Fertility in Aspergillus fumigatus and the identification of an additional ‘supermater’ pair

Céline M. O'Gorman, Sameira S. Swilaiman, Janyce A. Sugui, Kyung J. Kwon-Chung, Paul S. Dyer

Author address: 

School of Biology, University of Nottingham, University Park, Nottingham NG7 2RD, United Kingdom


Aspergillus fumigatus is an opportunistic human pathogen that causes a range of allergic and invasive diseases in severely immunocompromised individuals, with a very high mortality rate typically in excess of 50%. A functional sexual cycle was discovered in 2009 and a highly fertile ’supermater’ pair, AFB62 and AfIR928, was later identified from a collection of 50 isolates. Here we describe the results of a larger, worldwide fertility screen and present an additional ’supermater’ pair. A set of 126 clinical and environmental A. fumigatus isolates were crossed against two Irish reference strains of each mating type. A subset of the eight most-fertile strains was then tested in all pairwise combinations. The pairing of isolates 47-169 x 47-154 had consistently high mating efficiency and outcrossing ability after four weeks, therefore it was chosen as an additional ’supermater’ pair for community use in mating projects. It is important to have alternative tester strains to allow for unexpected mating differences when crossing isolates of diverse genetic origins. This is because factors such as heterokaryon incompatibility (het) loci and single nucleotide polymorphisms, can considerably influence sexual compatibility. The worldwide fertility screen found that approximately 85% of isolates are sexually fertile, indicating that sexual reproduction should be possible in nature when suitable environments are present. Next, the plasticity of sexual crossing conditions was tested, to determine whether they could be manipulated to increase fertility in crosses involving low-fertility strains of interest. A range of environmental and growth conditions were examined, including incubation temperature, CO2 level, and oatmeal agar type. Fertility levels were significantly affected by certain parameters. Work is ongoing to integrate these factors to further optimize fertility in the ’supermater’ pairs.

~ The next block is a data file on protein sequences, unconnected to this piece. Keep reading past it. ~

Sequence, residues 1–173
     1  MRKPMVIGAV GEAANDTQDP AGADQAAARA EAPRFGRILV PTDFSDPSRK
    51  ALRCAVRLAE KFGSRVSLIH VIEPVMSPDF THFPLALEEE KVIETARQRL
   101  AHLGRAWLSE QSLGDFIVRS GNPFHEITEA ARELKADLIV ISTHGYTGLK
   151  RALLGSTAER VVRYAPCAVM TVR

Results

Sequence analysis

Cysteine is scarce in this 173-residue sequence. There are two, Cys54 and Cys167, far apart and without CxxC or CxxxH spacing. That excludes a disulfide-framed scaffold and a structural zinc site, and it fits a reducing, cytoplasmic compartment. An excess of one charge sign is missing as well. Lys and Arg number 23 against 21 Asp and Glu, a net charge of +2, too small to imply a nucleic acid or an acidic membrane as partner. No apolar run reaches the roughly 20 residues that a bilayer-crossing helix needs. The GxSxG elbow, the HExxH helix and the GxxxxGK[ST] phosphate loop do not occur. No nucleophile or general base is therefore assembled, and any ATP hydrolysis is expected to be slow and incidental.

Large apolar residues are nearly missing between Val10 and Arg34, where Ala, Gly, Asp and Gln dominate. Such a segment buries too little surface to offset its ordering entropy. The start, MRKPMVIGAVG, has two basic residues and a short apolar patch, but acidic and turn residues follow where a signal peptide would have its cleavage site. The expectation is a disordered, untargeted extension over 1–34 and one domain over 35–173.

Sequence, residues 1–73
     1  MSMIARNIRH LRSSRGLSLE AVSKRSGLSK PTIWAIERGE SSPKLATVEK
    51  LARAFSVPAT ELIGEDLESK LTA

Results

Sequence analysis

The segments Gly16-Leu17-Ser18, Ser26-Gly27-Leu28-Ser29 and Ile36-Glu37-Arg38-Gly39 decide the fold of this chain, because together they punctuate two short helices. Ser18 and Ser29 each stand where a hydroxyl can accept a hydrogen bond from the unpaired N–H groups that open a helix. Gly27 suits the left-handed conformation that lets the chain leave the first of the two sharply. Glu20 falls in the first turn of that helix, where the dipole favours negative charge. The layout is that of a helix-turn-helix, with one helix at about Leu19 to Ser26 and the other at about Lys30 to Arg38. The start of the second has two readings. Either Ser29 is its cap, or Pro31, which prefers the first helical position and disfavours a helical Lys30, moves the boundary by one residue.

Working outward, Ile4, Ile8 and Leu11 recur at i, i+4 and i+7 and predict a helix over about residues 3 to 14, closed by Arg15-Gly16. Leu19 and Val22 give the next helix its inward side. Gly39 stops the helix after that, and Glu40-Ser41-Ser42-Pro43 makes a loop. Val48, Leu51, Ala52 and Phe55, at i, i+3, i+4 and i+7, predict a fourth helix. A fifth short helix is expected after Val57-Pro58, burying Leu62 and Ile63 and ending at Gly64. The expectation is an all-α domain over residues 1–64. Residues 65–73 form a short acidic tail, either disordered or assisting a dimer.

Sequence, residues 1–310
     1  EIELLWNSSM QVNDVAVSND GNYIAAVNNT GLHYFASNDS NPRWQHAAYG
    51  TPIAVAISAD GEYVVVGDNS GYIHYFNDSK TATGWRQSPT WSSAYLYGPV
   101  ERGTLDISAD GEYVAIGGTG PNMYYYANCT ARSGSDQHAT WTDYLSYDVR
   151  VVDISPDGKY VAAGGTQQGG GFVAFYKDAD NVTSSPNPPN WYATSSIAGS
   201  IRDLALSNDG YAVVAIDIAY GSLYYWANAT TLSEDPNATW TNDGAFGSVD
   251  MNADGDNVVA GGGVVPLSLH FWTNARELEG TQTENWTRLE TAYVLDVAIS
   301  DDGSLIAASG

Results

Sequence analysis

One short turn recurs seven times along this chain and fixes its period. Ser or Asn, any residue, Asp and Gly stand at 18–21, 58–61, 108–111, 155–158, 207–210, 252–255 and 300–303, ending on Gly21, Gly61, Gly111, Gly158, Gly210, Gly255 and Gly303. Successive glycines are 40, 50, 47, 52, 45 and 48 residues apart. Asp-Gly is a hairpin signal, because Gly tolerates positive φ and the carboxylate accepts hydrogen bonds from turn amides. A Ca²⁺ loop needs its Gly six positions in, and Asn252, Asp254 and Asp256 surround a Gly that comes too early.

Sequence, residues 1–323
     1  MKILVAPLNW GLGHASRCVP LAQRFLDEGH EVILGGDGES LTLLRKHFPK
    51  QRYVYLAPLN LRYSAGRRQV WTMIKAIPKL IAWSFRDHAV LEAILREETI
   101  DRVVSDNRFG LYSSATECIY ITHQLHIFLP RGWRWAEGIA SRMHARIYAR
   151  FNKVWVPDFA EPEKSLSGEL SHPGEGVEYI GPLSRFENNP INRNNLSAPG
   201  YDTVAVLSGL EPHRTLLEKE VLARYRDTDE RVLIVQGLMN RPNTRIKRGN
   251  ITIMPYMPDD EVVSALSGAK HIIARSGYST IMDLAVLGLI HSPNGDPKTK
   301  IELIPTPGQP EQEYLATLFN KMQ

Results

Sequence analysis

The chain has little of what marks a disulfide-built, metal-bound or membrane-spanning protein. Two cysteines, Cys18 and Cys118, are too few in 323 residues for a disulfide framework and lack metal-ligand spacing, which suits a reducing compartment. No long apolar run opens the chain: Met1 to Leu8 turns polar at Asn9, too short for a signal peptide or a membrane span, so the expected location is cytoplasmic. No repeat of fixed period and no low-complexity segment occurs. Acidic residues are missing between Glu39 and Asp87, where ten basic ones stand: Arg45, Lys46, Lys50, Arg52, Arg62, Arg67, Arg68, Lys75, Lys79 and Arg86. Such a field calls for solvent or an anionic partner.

abstract No: 


Full conference title: 

27th Fungal Genetics Conference
    • Fungal Genetics Conference 27th (2013)